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Same, same, but different: helping your child in the ‘new normal’

A mother teaches her son at home, and they look at a computer together

As Melburnians cope with Stage 3 restrictions – including adjusted learning environments – at school or at home, what can parents do to help their children? Wesley’s Counselling Team has some answers.

We’ve managed eLearning before and know what works best, but we also now know just how hard it can be adjusting to a new ‘normal’ and the fresh challenges it brings. Change, by definition, requires us to adapt and can produce extra stress and emotional distress, so it’s a timely opportunity to reflect on a few key strategies that can help.

Security and routines

Making sure that the basic needs are being of your child or young adult are being met improves learning. Children and young adults need a sense of security, healthy eating and hydration, physical activity, good sleep, play and down time. Assisting them to recover from disappointment and stay calm when uncertainties loom helps them build their confidence and resilience.

Routines are important as they enhance feelings of security, so it’s useful to develop a general structure to the day that involves dedicated but flexible learning time, social time, recreation and down time. With many students having returned from a holiday period, it’s helpful to re-establish a more regular sleep cycle, exercise breaks and healthy eating habits. And make sure they drink enough water. Family routines such as shared mealtimes can also be a great time to check in on each other.

If your child is eLearning, it’s useful to make sure they a specific learning space just for them in an area your family shares. These spaces are preferable to a bedroom, where your child can feel isolated and supervision might be minimal. Every home is different, but it’s important to provide a quiet and comfortable space in which to learn, when possible.

Connection and communication

Some students have thrived in the virtual classroom environment, eLearning at home, while others really miss seeing their friends and interacting with their teachers at school. Everyone is going to be experiencing this time differently, so there’s no single solution to staying connected, but there are many ways to stay connected, through social media, playing games, writing letters on – gasp – paper and posting them in a stamped, addressed envelope. It’s important to be flexible about how our children connect to ‘their people’ and, when appropriate, to encourage them to talk to a trusted person about their feelings and concerns. You might ask, ‘Who else can you turn to for support when you’re feeling upset?’ ‘Who do you reach out to when needing help with your learning? Who else can you reach out to?’

While many of us are not able to enjoy being on campus and the easy communication and sense of connection that comes with it, we can all still communicate. Don’t hesitate to reach out to your child’s teachers or pastoral team if you have any questions or concerns about your child’s wellbeing or progress.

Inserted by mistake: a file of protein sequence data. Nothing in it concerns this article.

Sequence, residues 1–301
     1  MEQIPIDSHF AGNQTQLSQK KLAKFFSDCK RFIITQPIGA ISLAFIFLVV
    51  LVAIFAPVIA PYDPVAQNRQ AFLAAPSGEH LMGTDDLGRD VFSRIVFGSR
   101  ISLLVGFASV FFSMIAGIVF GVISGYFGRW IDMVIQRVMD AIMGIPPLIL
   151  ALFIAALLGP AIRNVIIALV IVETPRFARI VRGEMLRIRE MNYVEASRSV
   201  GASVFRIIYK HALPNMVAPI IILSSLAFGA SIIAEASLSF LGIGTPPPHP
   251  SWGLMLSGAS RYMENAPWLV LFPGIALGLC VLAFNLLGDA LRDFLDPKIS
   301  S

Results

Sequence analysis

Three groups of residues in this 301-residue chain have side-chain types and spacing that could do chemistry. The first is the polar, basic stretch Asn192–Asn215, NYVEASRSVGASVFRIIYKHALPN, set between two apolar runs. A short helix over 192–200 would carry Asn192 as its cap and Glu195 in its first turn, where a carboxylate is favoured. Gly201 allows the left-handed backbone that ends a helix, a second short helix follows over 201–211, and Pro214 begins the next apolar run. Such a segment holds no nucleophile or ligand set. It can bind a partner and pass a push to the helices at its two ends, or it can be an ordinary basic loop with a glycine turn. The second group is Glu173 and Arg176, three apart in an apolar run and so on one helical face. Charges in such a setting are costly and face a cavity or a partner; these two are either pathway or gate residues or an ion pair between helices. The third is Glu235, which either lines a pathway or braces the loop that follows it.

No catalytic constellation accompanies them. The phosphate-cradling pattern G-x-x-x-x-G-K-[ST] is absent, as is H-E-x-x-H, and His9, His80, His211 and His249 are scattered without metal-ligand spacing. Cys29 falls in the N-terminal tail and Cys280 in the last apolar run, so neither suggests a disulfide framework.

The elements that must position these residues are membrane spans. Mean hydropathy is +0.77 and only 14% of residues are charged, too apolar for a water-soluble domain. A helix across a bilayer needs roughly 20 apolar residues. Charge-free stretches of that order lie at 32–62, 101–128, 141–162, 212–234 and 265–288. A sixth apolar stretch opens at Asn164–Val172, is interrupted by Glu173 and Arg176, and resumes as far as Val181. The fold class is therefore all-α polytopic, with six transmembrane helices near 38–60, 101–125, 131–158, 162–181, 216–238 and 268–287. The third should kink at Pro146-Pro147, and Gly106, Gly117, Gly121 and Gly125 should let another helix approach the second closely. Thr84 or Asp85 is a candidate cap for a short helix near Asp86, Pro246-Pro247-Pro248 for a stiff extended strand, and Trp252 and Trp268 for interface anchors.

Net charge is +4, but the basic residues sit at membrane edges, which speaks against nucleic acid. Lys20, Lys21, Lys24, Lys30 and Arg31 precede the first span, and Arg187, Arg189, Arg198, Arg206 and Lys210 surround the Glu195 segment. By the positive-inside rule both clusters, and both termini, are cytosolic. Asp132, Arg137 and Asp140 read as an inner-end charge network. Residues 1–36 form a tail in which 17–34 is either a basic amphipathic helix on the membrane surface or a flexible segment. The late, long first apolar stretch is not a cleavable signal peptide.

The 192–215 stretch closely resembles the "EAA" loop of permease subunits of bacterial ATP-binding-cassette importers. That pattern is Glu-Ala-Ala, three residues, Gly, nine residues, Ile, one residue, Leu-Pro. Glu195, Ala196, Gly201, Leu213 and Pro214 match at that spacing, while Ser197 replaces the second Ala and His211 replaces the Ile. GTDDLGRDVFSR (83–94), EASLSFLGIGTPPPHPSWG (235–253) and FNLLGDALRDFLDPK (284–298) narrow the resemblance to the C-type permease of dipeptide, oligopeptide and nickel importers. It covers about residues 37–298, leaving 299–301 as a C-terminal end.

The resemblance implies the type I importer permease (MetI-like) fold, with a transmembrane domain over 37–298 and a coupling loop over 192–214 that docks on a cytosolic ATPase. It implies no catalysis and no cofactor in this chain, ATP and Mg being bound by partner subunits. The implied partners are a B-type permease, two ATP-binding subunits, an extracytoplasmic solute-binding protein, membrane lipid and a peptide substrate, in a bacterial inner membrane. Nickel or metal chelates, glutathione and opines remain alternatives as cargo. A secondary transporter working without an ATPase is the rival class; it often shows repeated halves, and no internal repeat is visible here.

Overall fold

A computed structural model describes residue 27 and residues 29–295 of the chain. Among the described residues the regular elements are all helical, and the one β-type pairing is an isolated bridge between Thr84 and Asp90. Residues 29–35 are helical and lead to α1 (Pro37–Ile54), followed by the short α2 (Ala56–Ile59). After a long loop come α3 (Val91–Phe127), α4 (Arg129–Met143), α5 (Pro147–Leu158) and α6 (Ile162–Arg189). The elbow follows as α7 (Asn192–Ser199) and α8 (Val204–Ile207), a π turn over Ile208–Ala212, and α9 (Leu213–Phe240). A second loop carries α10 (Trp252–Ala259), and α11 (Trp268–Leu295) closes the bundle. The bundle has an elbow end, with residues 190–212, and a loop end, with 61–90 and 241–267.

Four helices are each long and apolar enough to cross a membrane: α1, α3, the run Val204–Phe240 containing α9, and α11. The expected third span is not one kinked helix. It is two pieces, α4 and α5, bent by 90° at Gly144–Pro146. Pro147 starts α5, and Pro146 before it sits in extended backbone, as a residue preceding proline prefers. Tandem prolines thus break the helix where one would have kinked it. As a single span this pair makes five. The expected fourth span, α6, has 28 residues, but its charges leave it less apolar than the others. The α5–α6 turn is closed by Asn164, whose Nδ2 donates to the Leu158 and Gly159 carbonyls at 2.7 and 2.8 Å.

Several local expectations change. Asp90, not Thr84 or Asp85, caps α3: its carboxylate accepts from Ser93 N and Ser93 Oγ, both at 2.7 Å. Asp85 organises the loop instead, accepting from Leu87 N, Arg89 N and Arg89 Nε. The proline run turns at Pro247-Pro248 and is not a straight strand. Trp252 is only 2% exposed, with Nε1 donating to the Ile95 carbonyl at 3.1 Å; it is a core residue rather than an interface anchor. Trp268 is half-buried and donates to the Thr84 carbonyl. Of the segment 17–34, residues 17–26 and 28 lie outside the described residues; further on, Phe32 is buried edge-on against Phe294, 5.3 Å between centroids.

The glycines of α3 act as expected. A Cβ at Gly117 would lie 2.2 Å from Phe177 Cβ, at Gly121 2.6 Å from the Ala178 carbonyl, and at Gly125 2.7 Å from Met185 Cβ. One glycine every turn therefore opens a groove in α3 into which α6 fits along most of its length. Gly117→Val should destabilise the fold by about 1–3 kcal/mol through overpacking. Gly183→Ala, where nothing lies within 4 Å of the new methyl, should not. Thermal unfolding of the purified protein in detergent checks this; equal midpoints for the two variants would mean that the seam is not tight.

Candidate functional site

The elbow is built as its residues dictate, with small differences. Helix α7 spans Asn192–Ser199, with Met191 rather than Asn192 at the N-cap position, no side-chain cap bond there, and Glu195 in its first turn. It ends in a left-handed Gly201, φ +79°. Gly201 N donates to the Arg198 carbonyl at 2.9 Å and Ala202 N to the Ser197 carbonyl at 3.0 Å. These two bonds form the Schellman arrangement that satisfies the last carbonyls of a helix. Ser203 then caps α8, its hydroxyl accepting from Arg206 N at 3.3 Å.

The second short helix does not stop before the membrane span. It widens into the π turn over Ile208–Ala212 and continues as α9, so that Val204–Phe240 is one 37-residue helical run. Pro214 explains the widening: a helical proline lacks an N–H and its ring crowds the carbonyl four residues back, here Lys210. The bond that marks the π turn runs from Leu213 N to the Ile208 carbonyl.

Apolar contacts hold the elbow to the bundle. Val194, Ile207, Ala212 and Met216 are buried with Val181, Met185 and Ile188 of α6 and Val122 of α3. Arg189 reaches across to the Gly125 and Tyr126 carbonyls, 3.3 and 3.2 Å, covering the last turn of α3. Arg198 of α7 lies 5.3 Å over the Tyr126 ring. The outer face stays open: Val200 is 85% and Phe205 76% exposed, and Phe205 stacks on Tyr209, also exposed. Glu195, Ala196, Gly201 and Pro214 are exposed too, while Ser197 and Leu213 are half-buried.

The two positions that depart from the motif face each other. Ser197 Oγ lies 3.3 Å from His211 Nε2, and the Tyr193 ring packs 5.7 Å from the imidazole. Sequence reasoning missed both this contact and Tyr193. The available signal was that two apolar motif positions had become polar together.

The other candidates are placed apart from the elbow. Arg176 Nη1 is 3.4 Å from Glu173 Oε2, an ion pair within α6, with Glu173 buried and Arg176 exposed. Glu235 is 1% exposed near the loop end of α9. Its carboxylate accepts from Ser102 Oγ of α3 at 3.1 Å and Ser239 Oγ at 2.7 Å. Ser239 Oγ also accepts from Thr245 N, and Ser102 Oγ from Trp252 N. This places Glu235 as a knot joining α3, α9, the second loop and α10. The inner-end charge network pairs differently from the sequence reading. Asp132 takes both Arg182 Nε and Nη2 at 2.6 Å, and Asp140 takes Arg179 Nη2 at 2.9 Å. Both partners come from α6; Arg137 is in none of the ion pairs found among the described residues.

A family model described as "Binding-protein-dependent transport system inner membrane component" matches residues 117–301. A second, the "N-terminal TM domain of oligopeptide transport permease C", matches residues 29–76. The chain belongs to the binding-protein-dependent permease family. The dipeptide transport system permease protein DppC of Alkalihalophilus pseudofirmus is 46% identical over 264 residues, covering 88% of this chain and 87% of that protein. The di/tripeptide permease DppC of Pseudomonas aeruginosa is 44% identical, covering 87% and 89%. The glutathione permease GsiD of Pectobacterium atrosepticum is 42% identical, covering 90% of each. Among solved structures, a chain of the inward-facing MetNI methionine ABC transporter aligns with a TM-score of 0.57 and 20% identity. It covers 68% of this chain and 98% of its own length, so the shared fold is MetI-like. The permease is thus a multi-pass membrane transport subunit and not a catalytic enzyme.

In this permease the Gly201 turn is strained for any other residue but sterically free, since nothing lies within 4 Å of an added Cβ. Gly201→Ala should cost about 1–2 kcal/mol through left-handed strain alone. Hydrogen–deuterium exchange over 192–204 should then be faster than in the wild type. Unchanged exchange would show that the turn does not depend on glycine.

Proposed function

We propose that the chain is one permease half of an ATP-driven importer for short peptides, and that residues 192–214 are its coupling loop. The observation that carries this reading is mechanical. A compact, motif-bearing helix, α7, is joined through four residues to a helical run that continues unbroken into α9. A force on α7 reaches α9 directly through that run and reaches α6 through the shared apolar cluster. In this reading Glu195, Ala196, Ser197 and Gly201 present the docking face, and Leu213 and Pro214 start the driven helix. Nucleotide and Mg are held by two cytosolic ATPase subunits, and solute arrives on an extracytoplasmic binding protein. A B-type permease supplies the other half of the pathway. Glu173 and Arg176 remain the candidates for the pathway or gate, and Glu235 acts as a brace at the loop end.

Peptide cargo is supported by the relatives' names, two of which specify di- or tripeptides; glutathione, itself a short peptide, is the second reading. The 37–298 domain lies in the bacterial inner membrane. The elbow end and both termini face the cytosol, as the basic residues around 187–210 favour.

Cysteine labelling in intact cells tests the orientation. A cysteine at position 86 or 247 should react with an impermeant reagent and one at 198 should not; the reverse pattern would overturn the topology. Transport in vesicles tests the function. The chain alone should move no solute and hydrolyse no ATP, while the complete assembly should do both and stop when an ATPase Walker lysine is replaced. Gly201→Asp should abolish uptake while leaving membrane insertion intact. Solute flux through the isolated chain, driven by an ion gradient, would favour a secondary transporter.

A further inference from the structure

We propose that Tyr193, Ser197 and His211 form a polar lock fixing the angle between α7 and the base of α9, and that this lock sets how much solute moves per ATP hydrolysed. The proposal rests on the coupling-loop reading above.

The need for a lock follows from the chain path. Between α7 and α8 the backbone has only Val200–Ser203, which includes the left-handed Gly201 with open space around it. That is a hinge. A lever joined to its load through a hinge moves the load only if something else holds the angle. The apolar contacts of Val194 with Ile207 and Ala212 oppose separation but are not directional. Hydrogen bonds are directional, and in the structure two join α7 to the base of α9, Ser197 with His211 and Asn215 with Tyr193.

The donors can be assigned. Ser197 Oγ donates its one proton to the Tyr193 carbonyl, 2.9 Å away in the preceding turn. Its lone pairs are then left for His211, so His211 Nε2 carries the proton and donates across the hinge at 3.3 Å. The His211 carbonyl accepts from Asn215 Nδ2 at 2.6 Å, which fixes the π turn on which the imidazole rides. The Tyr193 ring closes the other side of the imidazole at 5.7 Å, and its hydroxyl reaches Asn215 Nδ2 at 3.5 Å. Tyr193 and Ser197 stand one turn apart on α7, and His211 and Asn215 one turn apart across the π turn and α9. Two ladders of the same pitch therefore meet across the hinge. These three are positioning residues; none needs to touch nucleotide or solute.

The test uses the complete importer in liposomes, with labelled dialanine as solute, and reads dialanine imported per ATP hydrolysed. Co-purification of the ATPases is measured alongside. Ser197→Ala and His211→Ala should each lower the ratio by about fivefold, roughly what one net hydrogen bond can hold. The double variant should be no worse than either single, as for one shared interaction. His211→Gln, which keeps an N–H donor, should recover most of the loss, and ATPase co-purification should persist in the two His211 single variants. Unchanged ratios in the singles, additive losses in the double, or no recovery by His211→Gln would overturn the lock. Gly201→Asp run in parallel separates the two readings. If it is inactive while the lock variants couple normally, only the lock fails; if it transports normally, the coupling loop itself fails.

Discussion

Monitoring and resources

Adjusting to change takes a great deal of personal energy. Your child may become tired, grumpy, even moody at home. The current environment is producing a great deal of uncertainty for us all, and many students will be understandably upset or disappointed about missing out on planned events and social occasions. It’s important that we acknowledge that these are normal responses to the situation and recognise feelings such as anger and anxiety. Validating your child’s feelings will help them feel safe and secure. It’s a good idea to regularly monitor your child’s wellbeing, and we encourage you to start and finish each day with a simple check-in. If your child is experiencing ongoing feelings of distress, or you feel that they’re not coping, you can call on their pastoral care team or your relevant campus counsellor.

And remember, surviving – and even thriving – in this ‘new normal’ is, like this article, a team effort.

We look forward to hearing from you anytime, and to seeing you in-person on the other side of this.

The members of the College Counselling Team include Kim Koot, Tom Horat and Rachel Liang at Glen Waverley, Dianne Anderson and Jana Firestone at Elsternwick, Deborah Eyles, Eliza Smith and Eliza Robinson at St Kilda Road, and Ash Milne across the College.

Additional resources for parents

Developed by author and parent educator Michael Grose, Parenting Ideas provides a range of online resources for families with children in early learning, primary and secondary school.

The Parents website, an Independent Schools Victoria initiative, features regular articles by psychologist, Andrew Fuller.

Year 12 student, Ash Hill, shares some tips for other students on staying productive and motivated while learning from home.

Wesley College Counsellor Jana Firestone explores ways to stay connected with others and build resilience.